Alison Turnbull is known for the intricate abstract paintings and drawings she creates from found materials, such as diagrams, plans, charts and maps. The exhibition presents new and recent works exploring ideas around observation, orientation and perspective.
Two of her new paintings have their starting point in drawings by the Pavilion‘s architect, Erich Mendelsohn; the elevation of the Observatory in Potsdam for Einstein’s Tower (2013) and the blueprint for the Pavilion itself for Mendelsohn‘s Staircase (2013). Other paintings include North and South (2011) derived from a constellation map of the northern and southern hemispheres and Ecliptic (2013) referencing the imaginary line that describes the orbit of the sun. Across the gallery space are six of the artist’s Drawing Tables (2010 – ) an ongoing series of drawings made on printed stationery from around the world, presented in specially designed tables.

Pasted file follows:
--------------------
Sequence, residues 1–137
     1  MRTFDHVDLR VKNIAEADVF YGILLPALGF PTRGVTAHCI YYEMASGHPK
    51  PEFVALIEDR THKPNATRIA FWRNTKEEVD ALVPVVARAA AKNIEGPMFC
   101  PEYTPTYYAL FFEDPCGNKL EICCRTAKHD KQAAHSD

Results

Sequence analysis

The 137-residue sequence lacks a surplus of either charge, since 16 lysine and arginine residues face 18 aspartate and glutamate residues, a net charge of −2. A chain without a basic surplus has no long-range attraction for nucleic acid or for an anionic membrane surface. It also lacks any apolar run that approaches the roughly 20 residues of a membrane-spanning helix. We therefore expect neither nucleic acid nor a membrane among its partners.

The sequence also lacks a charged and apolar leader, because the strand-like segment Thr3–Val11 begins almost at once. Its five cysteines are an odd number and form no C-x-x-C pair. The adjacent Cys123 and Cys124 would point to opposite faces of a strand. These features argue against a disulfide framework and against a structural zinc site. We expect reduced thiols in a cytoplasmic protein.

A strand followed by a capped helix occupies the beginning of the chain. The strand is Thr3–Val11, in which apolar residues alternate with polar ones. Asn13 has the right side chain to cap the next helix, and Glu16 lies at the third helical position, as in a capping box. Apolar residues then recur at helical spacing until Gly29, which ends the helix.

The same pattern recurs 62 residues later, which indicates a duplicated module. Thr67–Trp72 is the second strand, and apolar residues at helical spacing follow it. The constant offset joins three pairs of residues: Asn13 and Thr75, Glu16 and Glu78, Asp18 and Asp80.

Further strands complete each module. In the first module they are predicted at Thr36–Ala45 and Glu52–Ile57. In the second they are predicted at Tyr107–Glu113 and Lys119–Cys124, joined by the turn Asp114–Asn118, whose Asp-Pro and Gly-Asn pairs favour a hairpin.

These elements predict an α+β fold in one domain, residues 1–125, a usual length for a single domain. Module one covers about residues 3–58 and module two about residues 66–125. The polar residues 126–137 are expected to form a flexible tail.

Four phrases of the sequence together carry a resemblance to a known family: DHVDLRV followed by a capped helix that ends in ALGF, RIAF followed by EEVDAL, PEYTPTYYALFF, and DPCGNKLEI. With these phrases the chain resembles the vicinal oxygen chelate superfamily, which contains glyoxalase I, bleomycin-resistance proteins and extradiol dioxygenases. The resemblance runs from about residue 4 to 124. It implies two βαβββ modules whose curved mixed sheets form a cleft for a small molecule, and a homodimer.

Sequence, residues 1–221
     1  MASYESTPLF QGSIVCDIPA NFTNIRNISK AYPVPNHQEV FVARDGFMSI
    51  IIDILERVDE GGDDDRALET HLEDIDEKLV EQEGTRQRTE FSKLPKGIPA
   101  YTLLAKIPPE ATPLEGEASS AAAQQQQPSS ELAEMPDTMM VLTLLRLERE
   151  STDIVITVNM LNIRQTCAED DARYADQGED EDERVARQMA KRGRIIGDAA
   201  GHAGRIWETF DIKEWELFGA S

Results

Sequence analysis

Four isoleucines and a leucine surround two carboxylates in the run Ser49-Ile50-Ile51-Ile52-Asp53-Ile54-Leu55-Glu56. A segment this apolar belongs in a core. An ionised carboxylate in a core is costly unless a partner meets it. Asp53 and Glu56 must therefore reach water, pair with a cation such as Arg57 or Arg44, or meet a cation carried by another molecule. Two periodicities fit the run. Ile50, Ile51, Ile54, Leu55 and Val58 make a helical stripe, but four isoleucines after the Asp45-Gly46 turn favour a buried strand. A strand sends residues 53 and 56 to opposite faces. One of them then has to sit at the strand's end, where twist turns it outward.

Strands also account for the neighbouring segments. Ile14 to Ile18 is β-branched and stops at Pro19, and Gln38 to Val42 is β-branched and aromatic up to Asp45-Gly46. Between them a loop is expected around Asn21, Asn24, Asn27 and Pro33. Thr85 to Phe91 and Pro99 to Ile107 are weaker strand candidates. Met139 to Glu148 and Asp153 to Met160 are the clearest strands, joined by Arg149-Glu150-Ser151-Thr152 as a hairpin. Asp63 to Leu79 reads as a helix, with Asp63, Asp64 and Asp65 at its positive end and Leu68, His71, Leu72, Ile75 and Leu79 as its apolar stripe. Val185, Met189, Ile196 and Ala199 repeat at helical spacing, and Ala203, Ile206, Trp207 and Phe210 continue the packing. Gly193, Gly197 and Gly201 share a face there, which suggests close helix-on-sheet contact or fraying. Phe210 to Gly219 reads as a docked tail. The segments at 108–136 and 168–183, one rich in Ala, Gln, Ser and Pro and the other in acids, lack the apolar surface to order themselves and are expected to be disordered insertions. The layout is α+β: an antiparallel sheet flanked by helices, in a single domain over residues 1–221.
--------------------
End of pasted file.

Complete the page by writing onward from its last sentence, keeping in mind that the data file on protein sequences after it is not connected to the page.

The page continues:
Alison Turnbull (b. 1956, Bogotá, Colombia; lives London, UK) makes abstract paintings from found materials such as cluster diagrams, architectural plans, and star charts. The process of translating the diagrammatic information into pictorial form is slow and painstaking.
She describes how ‘“the original image, edited and then re-imagined in colour through the process of painting, gradually detaches itself from its source, is freed from its history and exists in the present tense. I attempt to give equal weight to the cultural and scientific context of the found material, the formal properties of painting and the material activities involved in making the work. It’s a delicate sort of balancing act.”
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